When men’s squash co-captain, senior Tim Wyant, speaks of being a part of the Harvard program, his pride is evident.
Thirty-one national team championships. Twenty-four Potter Trophies. Thirty-three Ivy League titles. Twenty-six individual national champions. One hundred and twelve All-Americans.
“It is simply incredible,” states Wyant, a 21-year-old with the tireless court demeanor and competitive fire of a world-class player. “The tradition of success here is unlike any other team in any other sport anywhere. The names of the successful individuals who have come through this program go on and on, and I feel a real sense of heritage every time I step on the court.”
Wyant has lived up to the programs stellar history. He enters his senior season with an impressive 34-3 record in dual match play and 16-1 against Ivy League foes. The Cincinnati native has garnered All-American and All-Ivy League honors in each of his three seasons. He was a First Team All-American both last year and as a sophomore, after earning a spot on the Second Team as a freshman. Wyant is on pace to become Harvard’s first four-time All-American since Adrian Ezra ’94, who won more individual national titles (seven-four wide court and three narrow) than any other collegiate squash player in history.
The son of John and Margaret Wyant, who both work in finance, Wyant is the third of four children. His brother, Jack, who is four years older, is the person most responsible for getting him interested in squash.
When Jack was just 10 years old, he began playing competitively at the Cincinnati Country Club, and Tim could not help but want to emulate his big brother.
Even at a young age, Wyant loved everything about squash: the speed, the physical demand, and the mental challenge. After getting the hang of the sport recreationally, he joined the Cincinnati junior squash program and quickly became addicted. He played all the time and proved to be a fast learner under the tutelage of coach Don Mills (who also coached former Harvard men’s captain Neal Tew ’93 and women’s captain Libby Eynon ’95).
Wyant played in his first out-of-town competition at age 7. He vaguely remembers losing early in that inauspicious beginning, but has been winning ever since.
While soccer brought him outside into the crisp fall air every year as a youngster, Wyant was always more involved and committed to squash. He continued to play in the junior squash program while at Seven Hills High School, where he earned a varsity letter on the soccer team. And despite earning all-state soccer honors while leading his high school to the league title as a senior, Wyant’s most cherished memories of that time involve squash.
His decision to attend Harvard was also dependent upon squash. On one hand, he was tempted by Princeton because both Jack (class of ’96) and older sister, Missy (class of ’98), had enjoyed All-America squash careers there, and the temptation to continue the family tradition was strong. On the other hand, Tim wanted to blaze his own trail . . . and where better in the world of collegiate squash than Harvard?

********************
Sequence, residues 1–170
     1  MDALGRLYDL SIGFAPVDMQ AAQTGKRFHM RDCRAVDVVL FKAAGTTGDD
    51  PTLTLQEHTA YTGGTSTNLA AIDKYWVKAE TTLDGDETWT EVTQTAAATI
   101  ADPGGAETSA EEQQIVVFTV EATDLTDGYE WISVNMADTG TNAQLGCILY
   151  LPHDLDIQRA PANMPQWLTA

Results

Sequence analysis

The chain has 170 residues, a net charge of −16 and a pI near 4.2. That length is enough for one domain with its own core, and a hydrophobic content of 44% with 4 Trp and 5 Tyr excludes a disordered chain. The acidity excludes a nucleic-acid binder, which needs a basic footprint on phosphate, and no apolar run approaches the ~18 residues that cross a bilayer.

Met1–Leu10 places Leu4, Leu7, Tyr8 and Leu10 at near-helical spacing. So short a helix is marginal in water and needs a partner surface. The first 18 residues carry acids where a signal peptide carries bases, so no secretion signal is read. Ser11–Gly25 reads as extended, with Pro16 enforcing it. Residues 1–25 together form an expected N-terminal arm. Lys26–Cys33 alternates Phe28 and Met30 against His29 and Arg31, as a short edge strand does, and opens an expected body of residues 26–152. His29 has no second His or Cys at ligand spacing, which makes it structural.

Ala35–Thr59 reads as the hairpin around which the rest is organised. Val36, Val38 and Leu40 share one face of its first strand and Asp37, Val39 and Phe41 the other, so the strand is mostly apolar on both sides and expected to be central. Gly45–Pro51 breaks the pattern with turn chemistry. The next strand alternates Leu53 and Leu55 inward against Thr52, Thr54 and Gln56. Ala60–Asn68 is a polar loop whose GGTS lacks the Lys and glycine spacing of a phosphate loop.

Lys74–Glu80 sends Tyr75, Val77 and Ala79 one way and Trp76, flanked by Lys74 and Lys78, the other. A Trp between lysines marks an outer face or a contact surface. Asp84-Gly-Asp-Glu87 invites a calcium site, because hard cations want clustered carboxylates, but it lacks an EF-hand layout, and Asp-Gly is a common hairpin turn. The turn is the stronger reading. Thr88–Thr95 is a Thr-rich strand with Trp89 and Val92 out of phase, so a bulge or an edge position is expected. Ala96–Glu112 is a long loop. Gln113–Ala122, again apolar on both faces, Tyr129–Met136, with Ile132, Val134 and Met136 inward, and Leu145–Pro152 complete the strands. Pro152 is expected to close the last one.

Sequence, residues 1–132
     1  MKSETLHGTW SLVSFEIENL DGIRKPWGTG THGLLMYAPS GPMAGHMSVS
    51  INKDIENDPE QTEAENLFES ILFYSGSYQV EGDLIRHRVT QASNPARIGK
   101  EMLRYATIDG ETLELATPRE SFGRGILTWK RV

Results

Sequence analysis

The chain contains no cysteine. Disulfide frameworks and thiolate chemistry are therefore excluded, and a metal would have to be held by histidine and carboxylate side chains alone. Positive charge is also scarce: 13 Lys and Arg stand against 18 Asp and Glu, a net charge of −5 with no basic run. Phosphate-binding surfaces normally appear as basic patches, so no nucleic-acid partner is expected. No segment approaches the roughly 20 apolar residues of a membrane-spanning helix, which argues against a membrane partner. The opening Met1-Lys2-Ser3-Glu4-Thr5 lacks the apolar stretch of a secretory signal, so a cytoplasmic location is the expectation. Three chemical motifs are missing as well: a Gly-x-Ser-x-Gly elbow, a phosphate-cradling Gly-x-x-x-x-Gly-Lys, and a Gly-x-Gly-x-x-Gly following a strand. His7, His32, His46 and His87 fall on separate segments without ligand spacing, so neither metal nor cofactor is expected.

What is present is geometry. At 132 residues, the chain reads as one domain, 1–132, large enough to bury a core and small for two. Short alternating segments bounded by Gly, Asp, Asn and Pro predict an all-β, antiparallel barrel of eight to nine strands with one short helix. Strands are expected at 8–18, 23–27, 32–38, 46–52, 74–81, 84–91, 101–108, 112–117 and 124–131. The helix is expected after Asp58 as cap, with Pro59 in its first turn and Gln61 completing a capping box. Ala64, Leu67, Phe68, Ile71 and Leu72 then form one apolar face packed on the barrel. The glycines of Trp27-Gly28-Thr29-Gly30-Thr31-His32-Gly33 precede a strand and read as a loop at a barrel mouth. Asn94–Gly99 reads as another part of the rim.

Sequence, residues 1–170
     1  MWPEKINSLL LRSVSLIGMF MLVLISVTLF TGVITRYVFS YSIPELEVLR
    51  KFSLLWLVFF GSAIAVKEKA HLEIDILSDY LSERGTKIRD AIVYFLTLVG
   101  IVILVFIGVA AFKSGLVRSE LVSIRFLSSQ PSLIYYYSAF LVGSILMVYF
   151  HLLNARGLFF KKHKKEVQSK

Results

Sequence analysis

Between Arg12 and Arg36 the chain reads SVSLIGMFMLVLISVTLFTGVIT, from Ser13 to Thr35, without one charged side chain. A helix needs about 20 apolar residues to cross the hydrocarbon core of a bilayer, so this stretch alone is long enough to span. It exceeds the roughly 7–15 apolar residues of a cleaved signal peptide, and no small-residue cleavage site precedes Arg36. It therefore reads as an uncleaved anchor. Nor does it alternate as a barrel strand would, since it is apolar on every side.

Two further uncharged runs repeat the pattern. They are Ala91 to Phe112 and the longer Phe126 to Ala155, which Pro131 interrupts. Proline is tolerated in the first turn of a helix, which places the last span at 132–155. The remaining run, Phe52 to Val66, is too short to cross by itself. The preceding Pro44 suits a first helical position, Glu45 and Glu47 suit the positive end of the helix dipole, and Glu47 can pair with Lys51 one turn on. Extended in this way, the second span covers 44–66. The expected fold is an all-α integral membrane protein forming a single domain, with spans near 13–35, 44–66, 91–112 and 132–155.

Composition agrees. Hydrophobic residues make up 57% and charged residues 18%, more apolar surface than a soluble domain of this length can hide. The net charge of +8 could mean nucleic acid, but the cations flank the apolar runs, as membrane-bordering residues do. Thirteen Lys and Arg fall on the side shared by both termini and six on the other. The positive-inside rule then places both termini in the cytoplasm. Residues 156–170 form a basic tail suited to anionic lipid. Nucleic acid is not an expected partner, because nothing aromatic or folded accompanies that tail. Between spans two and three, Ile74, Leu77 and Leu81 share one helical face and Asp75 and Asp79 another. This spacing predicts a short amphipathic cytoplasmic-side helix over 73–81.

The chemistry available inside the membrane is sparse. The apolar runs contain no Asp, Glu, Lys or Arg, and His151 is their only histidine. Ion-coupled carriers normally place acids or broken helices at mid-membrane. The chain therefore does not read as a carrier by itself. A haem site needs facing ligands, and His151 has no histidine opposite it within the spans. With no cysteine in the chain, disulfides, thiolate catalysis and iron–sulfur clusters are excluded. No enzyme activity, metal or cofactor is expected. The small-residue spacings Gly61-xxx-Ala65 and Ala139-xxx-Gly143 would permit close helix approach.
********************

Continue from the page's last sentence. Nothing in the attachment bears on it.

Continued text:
In the summer before his freshman year at Harvard, Wyant earned the opportunity of a lifetime. He was one of four players selected to the United States Junior Squash World Team for a tournament in Egypt. Along with teammates David McNeely (currently a senior and top-ranked national player at Amherst), Preston Quick (a senior and top-ranked player at Trinity), and Peter Kelly (a sophomore at Princeton who was last year’s Ivy League Rookie of the Year), Wyant helped the U.S. to a 15th place finish among 24 nations the best showing ever for an American junior team. Energized by that performance, and by the breathtaking sights in Egypt, such as the Pyramids of Giza, Wyant was more excited than ever to embark on his collegiate squash career.
Ironically, his first few months in Cambridge were fueled by unexpected excitement on the soccer field. Wyant made the team as a walk-on and was a part of the Crimson’s most successful men’s soccer season in recent history (16-2 record, Ivy League title). His status elevated to a starting role as a sophomore but, as a junior, he decided to concentrate solely on squash.
One shouldn’t think, however, that Wyant was distracted on the squash court in his first two years. As a freshman, he went 12-1 while playing the number four slot. He followed that with a perfect 11-0 mark in his second year.
It was last season, however, when Wyant truly elevated his play to the next level. After compiling an 11-2 regular-season record, he entered the National Intercollegiate Squash Racquets Association (NISRA) Individual Championships as the ninth seed. Over the course of an action-packed weekend at the University of Pennsylvania, Wyant recorded upset upon upset to storm his way into the finals. Among his victims were the two-time defending national champion, Trinity’s top-seeded Marcus Cowie, in the quarterfinals, and Akhil Behl, Wyant’s arch rival from Trinity, in the semis. Wyant’s amazing run was halted in the championship by Princeton’s Peter Yik, but the foundation had been set.
“Having come so close last year, there’s no question my individual goal this year is to win a national title,” said the comparative religion concentrator, who is writing a thesis comparing the political thought of Tolstoy and Gandhi. “But more importantly, I want my final collegiate team to go out a national champion. Trinity took that from us last year, and it’s time that distinction came back to Harvard.”
First-year Harvard coach Satinder Bajwa, who was at Bowdoin College last year, knows that he has not only a special player, but an extraordinary captain in Wyant.
“Tim is a coach’s dream,” says Bajwa. “He is 100 percent dedicated to this program, and he is constantly taking extra steps to ensure this team’s success.”
Wyant’s pride would allow no less.